\(p[n1,n2,...]|\sum N=\textrm{Dir}\left ( [n1,n2,...]+\frac{1}{2} \right )\)

An uninformative prior of 1/2 is used to model the frequency of features with zero counts [28,29].


In this section, I will walk you through how I run the LEfSe (linear discriminant analysis effect size) tool. But before I do that, it is important for you to acknowledge this:

LEfSe method is more a discriminant analysis method rather than a DA method. (Lin and Peddada, 2020; PMID: 33268781)

In order to use LEfSe, you will need to open two Terminal windows: one for your usual QIIME 2 environment and another for running LEfSe. For the latter, you should create a new conda environment and install LEfSe as described below.

  1. Terminal for running QIIME 2 and Dokdo:

$ conda activate qiime2-2020.8
  1. Terminal for running LEfSe:

$ conda create -n lefse -c conda-forge python=2.7.15
$ conda activate lefse
$ conda install -c bioconda -c conda-forge lefse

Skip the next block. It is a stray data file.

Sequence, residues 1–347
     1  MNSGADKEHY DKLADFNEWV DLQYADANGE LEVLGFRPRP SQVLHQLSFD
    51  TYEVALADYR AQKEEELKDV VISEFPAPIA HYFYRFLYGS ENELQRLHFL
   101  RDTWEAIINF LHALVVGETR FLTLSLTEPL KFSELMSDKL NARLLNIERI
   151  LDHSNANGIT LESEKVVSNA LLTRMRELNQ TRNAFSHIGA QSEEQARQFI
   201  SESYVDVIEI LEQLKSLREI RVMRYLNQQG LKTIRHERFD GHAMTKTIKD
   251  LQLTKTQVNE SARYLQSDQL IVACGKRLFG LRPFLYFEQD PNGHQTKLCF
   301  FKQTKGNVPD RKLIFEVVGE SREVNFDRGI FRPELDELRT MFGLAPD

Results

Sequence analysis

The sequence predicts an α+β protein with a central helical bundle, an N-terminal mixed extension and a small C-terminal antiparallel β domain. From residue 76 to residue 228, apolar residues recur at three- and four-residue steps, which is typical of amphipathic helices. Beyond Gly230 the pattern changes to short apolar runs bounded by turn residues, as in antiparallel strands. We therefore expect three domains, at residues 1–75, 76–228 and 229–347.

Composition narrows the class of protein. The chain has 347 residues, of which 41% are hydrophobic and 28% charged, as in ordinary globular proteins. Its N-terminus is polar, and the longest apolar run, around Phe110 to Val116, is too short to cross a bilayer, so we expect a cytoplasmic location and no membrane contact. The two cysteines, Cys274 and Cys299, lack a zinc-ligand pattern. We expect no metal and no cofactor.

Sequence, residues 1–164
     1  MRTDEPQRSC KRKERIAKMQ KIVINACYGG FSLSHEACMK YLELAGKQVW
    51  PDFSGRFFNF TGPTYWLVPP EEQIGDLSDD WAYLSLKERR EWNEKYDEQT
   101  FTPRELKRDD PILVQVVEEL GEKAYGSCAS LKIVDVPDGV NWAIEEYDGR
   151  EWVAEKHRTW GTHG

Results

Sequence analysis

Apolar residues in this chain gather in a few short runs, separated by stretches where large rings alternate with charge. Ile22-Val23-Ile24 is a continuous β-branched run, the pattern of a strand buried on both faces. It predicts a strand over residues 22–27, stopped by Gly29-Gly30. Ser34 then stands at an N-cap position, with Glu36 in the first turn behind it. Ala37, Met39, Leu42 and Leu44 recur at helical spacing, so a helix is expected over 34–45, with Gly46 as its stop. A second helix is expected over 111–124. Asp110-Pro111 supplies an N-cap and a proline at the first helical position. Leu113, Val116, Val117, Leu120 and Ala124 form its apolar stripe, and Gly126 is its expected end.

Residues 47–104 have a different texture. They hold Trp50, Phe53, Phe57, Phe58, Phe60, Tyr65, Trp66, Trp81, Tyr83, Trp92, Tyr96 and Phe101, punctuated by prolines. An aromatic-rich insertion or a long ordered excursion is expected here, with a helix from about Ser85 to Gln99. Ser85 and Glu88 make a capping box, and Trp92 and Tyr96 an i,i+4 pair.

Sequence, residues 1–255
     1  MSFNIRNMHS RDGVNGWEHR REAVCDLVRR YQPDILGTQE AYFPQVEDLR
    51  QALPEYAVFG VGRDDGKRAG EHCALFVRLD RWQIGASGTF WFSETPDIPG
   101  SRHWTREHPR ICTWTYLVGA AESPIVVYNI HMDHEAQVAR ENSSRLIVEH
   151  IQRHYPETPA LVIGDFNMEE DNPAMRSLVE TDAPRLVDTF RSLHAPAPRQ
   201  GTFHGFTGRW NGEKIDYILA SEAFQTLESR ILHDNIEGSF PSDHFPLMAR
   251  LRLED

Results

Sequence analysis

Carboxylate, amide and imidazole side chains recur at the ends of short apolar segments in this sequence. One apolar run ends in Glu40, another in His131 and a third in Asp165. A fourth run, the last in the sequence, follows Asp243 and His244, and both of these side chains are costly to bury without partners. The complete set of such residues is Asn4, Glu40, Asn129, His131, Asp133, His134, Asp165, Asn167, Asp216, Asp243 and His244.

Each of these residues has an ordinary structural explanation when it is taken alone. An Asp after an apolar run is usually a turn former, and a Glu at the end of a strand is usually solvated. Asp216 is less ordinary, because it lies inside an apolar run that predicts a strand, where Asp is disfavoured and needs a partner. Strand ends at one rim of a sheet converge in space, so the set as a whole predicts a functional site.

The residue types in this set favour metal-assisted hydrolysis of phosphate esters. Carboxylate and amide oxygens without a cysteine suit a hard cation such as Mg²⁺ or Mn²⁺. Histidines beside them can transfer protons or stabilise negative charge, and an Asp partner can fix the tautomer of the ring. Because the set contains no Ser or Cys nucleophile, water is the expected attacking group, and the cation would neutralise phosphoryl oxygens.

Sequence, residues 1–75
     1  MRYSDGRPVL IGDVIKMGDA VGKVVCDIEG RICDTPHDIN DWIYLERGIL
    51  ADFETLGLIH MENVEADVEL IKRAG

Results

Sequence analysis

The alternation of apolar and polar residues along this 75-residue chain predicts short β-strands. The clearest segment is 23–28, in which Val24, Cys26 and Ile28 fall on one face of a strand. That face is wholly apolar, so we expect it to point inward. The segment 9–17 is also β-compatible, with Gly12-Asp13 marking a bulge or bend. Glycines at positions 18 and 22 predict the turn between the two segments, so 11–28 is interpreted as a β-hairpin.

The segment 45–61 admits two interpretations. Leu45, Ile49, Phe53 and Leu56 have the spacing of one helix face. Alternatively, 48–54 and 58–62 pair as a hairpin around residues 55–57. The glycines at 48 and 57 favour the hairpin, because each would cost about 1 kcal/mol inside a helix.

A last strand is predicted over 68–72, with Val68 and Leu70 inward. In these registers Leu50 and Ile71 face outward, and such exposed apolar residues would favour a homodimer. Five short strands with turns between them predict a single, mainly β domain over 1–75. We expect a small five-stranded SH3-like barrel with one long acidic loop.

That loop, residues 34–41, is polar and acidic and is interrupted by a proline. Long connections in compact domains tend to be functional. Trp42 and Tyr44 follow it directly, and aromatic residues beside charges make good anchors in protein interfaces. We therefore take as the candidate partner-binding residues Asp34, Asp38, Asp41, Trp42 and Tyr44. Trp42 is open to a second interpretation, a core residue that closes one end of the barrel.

After you have both terminals set up, you can create an input file for LEfSe from a QIIME 2 feature table. We will use the “Moving Pictures” tutorial as an example (run below in the QIIME 2 terminal).

$ dokdo prepare-lefse \
-t data/moving-pictures-tutorial/table.qza \
-x data/moving-pictures-tutorial/taxonomy.qza \
-m data/moving-pictures-tutorial/sample-metadata.tsv \
-o output/Useful-Information/input_table.tsv \
-c body-site \
-u subject \
-w "[body-site] IN ('tongue', 'gut', 'left palm')"

Click here to download the input_table.tsv file.

Next, we need to format the input table (run below in the LEfSe terminal):

$ \
output/Useful-Information/input_table.tsv \
output/Useful-Information/ \
-c 1 \
-u 2 \
-o 1000000 \
--output_table output/Useful-Information/formatted_table.tsv